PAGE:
Writing about "Boardwalk Empire" last fall at Time, James Poniewozik made what I thought was a great point about the series and its place in the pantheon of Quality Television. "It’s a very good show with fantastic performances that does great work on a scene-by-scene basis. But it lacks one thing that defines most great TV dramas: the clear sense that it is about an idea, or ideas, beyond its literal subject."
He explained that while "Deadwood" dealt with how a society arises out of disorder and "Mad Men" with shifting identity in its era, but that "Boardwalk Empire" is basically "about Prohibition.” It summed up a lot of why the show hasn't stuck with me the way the two mentioned have. And yet, when watching "Game of Thrones," which returned on Sunday for another 10 glorious episodes of medieval/fantasy mayhem, it occurred to me that I'd say the same thing about the show and this time mean it as a complement.
"Game of Thrones" is lavish, sprawling, packed with sex and violence — and it's not necessarily more than that. (You could argue that it strips away the gauzy romanticism of old-school fantasy for something more grimy and vital, but that's not what I would call a theme.) No, the George R. R. Martin adaptation is an unsparing epic about people maneuvering for power and survival, doing desperate things to get it and hold onto it despite the fact that they're probably going to end up just get eaten by White Walkers and dragons.
It may not be Great Television, but it's great entertainment, and it achieves that less by being character-driven (though it does have some characters to be treasured — Peter Dinklage's Tyrion Lannister most of all) than by being a cracking yarn, and that's a quality that can go underappreciated in a time when putting character over narrative is synonymous with quality.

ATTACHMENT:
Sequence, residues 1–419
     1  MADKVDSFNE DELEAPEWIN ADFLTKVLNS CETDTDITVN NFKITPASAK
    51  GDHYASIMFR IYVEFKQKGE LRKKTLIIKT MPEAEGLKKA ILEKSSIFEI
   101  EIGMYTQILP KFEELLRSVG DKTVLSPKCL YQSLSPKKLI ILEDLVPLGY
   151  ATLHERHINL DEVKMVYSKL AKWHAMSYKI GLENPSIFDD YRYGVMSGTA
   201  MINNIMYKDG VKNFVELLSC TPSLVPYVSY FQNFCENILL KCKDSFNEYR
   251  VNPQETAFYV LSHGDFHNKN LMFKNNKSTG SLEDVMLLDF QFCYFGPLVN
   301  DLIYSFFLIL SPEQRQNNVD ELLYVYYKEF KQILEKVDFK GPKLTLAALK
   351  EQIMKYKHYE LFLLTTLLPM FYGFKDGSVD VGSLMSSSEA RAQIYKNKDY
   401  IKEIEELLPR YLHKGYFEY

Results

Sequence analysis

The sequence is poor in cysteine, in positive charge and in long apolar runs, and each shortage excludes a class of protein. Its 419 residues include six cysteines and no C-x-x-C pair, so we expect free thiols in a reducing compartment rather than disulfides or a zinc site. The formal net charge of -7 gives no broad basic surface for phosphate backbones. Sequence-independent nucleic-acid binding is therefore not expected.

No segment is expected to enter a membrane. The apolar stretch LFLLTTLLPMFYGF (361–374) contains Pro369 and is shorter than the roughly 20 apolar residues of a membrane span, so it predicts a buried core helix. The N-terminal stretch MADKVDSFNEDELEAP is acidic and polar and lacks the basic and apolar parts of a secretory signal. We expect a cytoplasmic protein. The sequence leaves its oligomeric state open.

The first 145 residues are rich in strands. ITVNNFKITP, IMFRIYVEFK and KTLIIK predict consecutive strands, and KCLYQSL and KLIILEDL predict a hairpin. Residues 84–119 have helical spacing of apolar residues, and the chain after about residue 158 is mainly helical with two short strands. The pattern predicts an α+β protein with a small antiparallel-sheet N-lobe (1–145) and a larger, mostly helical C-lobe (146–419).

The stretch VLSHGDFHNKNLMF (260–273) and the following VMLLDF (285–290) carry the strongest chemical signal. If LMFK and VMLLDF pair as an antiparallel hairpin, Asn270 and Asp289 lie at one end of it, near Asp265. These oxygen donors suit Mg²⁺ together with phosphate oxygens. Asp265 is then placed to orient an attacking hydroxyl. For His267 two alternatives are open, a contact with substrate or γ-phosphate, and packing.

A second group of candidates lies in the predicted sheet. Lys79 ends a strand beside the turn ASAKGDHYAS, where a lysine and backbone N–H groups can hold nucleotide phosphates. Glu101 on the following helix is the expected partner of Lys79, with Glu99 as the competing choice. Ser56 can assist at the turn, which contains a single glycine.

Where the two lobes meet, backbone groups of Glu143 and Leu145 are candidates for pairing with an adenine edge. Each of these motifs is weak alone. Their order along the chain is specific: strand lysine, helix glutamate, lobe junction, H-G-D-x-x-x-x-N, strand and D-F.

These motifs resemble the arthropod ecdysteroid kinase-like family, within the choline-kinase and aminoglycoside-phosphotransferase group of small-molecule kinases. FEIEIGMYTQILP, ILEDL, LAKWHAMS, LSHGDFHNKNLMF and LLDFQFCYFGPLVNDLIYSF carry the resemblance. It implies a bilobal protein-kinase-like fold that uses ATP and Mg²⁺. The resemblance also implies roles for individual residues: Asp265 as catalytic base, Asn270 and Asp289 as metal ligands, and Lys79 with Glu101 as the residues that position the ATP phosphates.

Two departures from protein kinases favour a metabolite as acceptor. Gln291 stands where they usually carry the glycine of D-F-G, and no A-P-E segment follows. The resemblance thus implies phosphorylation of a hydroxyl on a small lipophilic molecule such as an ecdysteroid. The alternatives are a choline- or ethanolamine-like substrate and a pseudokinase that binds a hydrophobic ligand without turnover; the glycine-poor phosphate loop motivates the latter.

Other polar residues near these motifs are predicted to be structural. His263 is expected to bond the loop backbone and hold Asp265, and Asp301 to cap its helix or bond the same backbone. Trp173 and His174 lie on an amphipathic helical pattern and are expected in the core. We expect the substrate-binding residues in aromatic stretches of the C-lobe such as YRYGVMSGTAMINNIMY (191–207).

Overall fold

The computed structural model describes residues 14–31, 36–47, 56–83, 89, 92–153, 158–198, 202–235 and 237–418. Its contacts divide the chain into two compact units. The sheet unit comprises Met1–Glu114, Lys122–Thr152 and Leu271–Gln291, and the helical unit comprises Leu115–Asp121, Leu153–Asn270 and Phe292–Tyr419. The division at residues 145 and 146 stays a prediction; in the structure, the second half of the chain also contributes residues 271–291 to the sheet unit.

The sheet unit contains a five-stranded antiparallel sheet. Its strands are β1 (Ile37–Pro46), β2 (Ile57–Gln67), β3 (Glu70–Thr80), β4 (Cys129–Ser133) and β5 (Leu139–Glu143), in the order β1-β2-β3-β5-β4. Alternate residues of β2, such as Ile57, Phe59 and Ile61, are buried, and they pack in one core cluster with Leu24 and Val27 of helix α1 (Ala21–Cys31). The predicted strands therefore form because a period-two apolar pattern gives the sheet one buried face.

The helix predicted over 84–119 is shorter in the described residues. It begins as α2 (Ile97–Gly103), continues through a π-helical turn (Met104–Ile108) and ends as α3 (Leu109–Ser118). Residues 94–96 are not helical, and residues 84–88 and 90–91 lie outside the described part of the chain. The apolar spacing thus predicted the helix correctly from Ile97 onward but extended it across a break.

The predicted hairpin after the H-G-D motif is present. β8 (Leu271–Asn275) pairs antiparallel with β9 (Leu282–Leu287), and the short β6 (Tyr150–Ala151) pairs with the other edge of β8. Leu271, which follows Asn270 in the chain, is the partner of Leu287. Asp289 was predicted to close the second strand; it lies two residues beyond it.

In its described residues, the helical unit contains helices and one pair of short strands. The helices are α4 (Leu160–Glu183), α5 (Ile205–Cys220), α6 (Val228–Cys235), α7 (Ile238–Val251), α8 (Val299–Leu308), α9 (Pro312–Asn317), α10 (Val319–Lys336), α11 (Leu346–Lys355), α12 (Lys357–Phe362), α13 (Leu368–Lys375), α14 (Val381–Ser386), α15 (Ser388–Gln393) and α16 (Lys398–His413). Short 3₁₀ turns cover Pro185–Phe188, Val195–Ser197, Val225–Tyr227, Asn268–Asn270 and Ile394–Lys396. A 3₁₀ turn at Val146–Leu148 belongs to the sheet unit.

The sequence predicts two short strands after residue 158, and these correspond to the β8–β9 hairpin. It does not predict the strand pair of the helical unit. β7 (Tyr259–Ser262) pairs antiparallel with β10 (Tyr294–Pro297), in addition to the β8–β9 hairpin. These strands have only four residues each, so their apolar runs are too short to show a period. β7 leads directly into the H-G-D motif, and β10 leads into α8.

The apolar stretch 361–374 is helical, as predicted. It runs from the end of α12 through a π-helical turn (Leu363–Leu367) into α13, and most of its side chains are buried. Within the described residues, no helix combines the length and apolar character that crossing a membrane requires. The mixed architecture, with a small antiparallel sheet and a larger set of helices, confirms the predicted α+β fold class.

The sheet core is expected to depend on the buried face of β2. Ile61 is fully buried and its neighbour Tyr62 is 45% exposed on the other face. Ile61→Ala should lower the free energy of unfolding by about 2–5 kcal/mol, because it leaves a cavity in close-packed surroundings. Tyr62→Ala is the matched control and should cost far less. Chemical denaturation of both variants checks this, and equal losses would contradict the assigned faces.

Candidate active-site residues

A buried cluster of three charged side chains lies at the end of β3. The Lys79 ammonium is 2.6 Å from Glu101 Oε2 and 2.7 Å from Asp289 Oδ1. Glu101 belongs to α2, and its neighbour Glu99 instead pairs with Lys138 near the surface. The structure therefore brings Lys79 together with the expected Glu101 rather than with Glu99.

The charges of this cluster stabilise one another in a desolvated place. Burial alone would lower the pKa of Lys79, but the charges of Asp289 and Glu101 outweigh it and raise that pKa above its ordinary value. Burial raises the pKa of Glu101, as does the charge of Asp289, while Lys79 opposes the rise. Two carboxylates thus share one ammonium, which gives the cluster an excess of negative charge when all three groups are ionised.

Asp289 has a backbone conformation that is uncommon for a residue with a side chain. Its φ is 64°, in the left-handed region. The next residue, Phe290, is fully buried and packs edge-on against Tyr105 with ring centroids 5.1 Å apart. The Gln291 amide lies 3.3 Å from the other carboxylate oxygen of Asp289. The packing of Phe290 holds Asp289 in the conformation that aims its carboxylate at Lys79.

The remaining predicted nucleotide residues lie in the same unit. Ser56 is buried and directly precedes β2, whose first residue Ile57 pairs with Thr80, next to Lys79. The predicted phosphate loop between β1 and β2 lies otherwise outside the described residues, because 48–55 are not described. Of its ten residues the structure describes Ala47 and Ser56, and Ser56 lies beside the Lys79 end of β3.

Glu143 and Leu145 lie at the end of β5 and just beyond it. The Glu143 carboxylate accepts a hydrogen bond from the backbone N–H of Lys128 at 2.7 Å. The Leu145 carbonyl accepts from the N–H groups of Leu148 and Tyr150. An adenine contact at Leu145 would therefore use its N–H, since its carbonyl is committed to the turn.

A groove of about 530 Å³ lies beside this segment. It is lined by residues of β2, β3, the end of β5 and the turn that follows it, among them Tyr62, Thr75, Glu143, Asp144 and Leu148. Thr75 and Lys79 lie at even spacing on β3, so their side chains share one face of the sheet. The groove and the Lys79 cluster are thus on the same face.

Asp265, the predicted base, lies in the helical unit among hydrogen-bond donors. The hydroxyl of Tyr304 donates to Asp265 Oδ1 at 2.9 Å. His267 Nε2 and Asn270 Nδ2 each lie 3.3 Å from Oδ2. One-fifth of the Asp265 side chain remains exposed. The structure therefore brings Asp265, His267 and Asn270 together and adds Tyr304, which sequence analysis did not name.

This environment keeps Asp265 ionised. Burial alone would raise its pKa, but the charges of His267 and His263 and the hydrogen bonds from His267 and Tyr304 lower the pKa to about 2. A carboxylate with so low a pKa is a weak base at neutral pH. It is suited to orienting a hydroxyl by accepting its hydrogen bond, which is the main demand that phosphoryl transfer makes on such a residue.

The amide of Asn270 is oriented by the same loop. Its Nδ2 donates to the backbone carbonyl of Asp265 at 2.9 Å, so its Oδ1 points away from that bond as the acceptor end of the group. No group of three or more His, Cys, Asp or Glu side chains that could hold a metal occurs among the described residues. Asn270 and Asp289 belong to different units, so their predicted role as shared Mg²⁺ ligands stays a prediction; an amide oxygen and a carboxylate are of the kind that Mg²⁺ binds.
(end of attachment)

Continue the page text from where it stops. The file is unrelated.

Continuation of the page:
The season premiere "The North Remembers" offered up gouts of story. We took up with the plots left tangled at the end of last season — sadistic Joffrey Lannister is now a king, with Sansa Stark as his fiancée and hostage; Tyrion has come back to King's Landing to fill in as the Hand of the King to his sister Cersei's displeasure; Bran Stark is learning to be lord of Winterfell and dreaming he's seeing the world through a direwolf's eye.
Meanwhile, Daenerys Targaryen and her baby dragons lead her straggling horde through the Red Waste in search of shelter; Jon Snow and other members of the Night's Watch are journeying beyond the Wall to look for the missing Benjen; Robb Stark wages war against the Lannisters with Jamie as his captive; and a just-glimpsed Arya Stark, disguised as a boy, is fleeing north with other Night's Watch conscripts from the city in which her father was executed.
Then there are the developments promised last season — we finally met Stannis Baratheon (played by the very good Stephen Dillane), the stern and unlovable man with the best claim to the throne, and see he's taken up with a foreign priestess named Melisandre ("Black Book" star Carice van Houten) who's converted everyone to her religion and seems to have sorcery on her side. And we closed with the murder of an infant who happened to be the bastard child of the old king Robert Baratheon, bringing around the investigation that led to the murder of the king's advisor and led Ned Stark away from Winterfell at the start of this whole affair.
It's a lot to grasp, and one of the main criticisms of the series (beyond its "Dungeons & Dragons" qualities) is the sheer amount of narrative. It may be unwelcoming for people trying to jump in at the second season without starting at the beginning, but I'm unconvinced that's a problem — this isn't a network procedural with a regular episodic formula, it's a dense, multistrand story typically broken up by what fits into each hour rather than being arranged around a particular theme. You wouldn't fault a novel for being incomprehensible if you began reading it from page 200, so why do that to this show? Its pleasures are in the actions that unfold, whether they be large-scale battles or Tyrion and Lord Varys dueling with words over a cup of wine, and that's perfectly fine.